PhRMA Pushes Back Against Campaign Calls For Medicare Part D Price Negotiation
"The powerful pharmaceutical lobby is pushing back against campaign-trail calls to allow Medicare to negotiate drug prices on behalf of millions of seniors enrolled in Part D," The Hill reports. "The Pharmaceutical Research and Manufacturers of America (PhRMA) argues that price negotiations are already being undertaken by insurance companies and pharmacy benefit managers, bringing Part D costs down well below the program's initial projections. [Avalere Health] found that the average premium under the drug benefit will jump by 9.5 percent in 2011 - largely due to cost spikes expected in the enhanced-plan market. Part D is emerging as a prominent campaign issue in some races," including in the Senate race in Kentucky to replace Sen. Jim Bunning, R-Ky. (Lillis, 10/26).
Related, earlier KHN story: Dueling Letters On Medicare Part D Changes (Marcy, 10/25)
Meanwhile, Kaiser Health News reports that if the GOP makes big gains next week, Rep. Paul Ryan, R-Wisc., and other top Republicans are slated to be "in position to advance their ideas on Medicare, Social Security and other programs. Ryan is the top Republican on the House Budget Committee, and a senior member of the Ways and Means committee, which has jurisdiction over the two entitlement programs. Cantor serves on the Ways and Means Committee, and is already the GOP's second in command in the House, as minority whip, or vote counter. McCarthy is Cantor's chief deputy whip."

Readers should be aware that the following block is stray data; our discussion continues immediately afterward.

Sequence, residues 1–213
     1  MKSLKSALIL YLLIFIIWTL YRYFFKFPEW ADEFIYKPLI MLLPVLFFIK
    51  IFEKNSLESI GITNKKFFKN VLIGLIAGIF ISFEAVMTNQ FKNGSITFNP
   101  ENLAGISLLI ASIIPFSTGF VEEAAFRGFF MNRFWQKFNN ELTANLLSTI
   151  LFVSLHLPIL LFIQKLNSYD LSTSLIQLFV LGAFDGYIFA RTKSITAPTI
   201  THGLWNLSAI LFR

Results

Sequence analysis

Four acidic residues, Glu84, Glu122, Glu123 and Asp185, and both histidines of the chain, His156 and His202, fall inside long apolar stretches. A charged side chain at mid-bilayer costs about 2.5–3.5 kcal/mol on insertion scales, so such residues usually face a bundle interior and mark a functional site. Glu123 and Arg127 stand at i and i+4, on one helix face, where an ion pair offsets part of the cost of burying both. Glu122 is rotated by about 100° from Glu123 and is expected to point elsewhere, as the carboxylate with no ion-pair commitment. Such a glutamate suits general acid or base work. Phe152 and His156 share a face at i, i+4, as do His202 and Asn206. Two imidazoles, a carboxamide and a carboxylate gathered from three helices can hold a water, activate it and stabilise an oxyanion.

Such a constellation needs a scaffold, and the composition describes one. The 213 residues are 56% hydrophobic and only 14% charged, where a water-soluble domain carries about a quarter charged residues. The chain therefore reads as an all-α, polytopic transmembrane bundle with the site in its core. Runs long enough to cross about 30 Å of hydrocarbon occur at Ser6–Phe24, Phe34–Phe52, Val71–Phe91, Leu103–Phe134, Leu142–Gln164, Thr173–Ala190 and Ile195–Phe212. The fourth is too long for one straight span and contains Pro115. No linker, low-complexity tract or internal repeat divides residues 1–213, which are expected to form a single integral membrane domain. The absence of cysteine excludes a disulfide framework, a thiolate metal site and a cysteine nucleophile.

Ryan would preserve Medicare as it currently exists for those over age 55 while pushing back the eligibility age for others to 69 1/2. There would also "be a 'standard Medicare payment' for the purchase of private health coverage. At the beginning, Medicare vouchers would cover $11,000 of the cost of a health plan, which the proposal lists as the average amount of money that Medicare currently spends on a beneficiary. The total would increase with inflation, based on a combination of the consumer price index and its medical care component. If the payment exceeds the cost of a plan, the beneficiary could invest the leftover money in a medical savings account to pay for other medical needs, or buy long-term care insurance." Others, namely Democrats, are wary of the idea (Weber Serafini, 10/26).This is part of the Morning Briefing, a summary of health policy coverage from major news organizations. Sign up for an email subscription.